broad as any statement can be, isn't it?), is there any reason why you
wouldn't give me a decision today?"
It's a harmless thing for the other person to agree to because the other
person is thinking, "If it meets all of my needs? No problem, there's
loads of wriggle room there." However, look at what you've accomplished
if you can get them to respond with, "Well, sure if it meets all of
my needs, I'll give you an okay right now." Look at what you've accomplished:
What if you're not able to remove their resort to higher authority? I'm
sure that many times you'll say, "If this proposal meets all of your
needs is there any reason why you wouldn't give me a decision today?"
and the other person will reply, "I'm sorry, but on a project of this
size, everything has to get approved by the specifications committee. I'll
have to refer it to them for a final decision."
- You've eliminated their right to tell you that they want to want to think
it over. If they say that, you say, "Well, let me go over it one more
time. There must be something I didn't cover clearly enough because you
did indicate to me earlier that you were willing to make a decision today."
- You've eliminated their right to refer it to a higher authority. You've
eliminated their right to say, "I want our legal department to see
it, or the purchasing committee to take a look at it."
Here are the three steps that Power Negotiators take when they're not able
to remove the other side's resort to higher authority:
Step number one - appeal to their ego. With a smile on your face you say, "But they always follow your recommendations,
don't they?" With some personality styles that's enough of an appeal
to his ego, that he'll say, "Well, I guess you're right. If I like
it, then you can count on it." But often they'll still say, "Yes,
they usually follow my recommendations but I can't give you a decision
until I've taken it to the committee."
So the three steps to take if you're not able to get the other person to
waive his or her resort to higher authority are:
If you realize that you're dealing with egotistical people, try preempting
their resort to higher authority early in your presentation, by saying,
"Do you think that if you took this to your supervisor, she'd approve
it?" Often an ego-driven person will make the mistake of proudly telling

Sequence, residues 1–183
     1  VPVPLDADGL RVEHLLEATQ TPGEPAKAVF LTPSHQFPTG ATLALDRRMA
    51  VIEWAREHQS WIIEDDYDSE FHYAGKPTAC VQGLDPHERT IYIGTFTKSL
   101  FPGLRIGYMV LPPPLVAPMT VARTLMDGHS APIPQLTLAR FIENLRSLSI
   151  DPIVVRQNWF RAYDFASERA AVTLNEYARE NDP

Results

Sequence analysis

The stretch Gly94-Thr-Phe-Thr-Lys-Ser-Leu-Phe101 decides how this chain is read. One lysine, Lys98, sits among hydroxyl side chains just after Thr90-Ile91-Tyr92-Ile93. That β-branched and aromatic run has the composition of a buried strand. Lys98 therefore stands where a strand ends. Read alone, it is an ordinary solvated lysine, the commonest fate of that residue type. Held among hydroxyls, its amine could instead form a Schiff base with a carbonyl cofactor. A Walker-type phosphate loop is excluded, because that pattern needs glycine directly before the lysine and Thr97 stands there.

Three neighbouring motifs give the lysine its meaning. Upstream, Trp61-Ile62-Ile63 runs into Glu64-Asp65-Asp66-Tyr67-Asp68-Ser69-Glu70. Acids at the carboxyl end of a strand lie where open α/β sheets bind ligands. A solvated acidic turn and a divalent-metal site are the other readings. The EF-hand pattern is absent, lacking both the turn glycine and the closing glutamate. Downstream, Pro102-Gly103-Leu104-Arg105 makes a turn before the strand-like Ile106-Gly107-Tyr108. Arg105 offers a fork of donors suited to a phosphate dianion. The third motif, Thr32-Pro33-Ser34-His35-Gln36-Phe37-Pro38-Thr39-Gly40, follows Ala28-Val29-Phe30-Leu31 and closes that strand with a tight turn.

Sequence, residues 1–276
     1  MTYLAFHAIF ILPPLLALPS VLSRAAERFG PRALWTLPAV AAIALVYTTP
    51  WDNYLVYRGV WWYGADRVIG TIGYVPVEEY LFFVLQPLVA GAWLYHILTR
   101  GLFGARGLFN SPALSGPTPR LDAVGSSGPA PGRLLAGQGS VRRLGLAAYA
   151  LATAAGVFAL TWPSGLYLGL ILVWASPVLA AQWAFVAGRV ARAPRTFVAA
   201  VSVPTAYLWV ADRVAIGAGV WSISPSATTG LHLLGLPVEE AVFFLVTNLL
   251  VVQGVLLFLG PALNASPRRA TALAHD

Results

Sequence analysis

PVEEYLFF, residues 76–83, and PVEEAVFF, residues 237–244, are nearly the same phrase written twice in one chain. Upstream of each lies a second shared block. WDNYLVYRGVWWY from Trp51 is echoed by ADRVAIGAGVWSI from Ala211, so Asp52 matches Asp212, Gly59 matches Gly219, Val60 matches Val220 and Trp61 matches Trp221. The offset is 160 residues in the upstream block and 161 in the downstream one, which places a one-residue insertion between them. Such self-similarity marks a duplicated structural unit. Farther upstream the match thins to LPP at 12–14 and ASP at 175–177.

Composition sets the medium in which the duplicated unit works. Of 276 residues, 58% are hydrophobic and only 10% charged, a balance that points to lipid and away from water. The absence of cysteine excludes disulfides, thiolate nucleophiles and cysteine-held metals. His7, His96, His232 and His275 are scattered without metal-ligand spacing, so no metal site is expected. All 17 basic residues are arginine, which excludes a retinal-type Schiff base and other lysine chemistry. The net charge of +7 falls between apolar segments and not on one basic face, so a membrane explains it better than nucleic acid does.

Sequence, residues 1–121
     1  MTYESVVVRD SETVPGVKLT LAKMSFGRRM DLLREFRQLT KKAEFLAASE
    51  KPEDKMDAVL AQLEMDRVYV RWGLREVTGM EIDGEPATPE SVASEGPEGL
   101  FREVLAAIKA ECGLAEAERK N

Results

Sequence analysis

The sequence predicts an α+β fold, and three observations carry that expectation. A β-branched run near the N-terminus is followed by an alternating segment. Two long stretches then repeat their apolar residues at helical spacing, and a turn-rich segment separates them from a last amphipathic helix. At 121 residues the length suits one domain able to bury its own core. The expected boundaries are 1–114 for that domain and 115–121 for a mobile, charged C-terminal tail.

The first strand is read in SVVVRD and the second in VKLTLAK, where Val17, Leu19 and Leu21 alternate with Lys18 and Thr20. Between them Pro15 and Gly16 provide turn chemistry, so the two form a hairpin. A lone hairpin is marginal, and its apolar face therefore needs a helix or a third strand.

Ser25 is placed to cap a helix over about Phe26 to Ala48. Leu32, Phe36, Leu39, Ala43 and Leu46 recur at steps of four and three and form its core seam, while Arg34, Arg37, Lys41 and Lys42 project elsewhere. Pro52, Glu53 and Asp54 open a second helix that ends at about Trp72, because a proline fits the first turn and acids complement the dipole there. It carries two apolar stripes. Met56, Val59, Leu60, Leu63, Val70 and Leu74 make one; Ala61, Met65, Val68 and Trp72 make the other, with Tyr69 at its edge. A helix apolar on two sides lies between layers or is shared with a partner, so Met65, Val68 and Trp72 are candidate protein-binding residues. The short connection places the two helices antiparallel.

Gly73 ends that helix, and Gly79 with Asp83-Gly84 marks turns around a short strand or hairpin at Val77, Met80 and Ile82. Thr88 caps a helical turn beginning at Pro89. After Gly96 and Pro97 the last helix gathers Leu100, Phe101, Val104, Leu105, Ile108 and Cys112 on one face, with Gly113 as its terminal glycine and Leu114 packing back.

you that he doesn't have to get any body's approval.
The second step is to get their commitment that they'll take it to the
committee with a positive recommendation. So you say, "But you will recommend it to them-won't you?" There
are only two things that can happen at this point. Either she'll say, yes,
she will recommend it to them, or she'll say, no she won't-because . .
. Either way you've won. Hopefully, you'll get a response similar to, "Yes,
it looks good to me, I'll go to bat for you with them." But if that
doesn't happen, and instead they tell you that they won't recommend it
because, you're still ahead, because any time you can draw out an objection
you should say, "Hallelujah" because objections are buying signals.
For example, nobody will object to your price unless buying from you interests
them. If buying from you doesn't interest them, they don't care how high
you price your product or service.
For a while I dated a woman who was really into interior decorating. One
day she excitedly dragged me down to the Orange County Design Center to
show me a couch covered in kidskin. The leather was as soft and as supple
as anything I'd ever felt. As I sat there, she said, "Isn't that a
I said, "No question about it, this is a wonderful couch."
She said, "And it's only $12,000."
I said, "Isn't that amazing? How can they do it for only $12,000?"
She said, "You don't have a problem with the price?"
"I don't have a problem with the price at all." Why didn't I
have a problem with the price? Right. Because I had absolutely no intention
of paying $12,000 for a couch, regardless of what they covered it with.
Let me ask you this: If buying the couch interested me, would I have a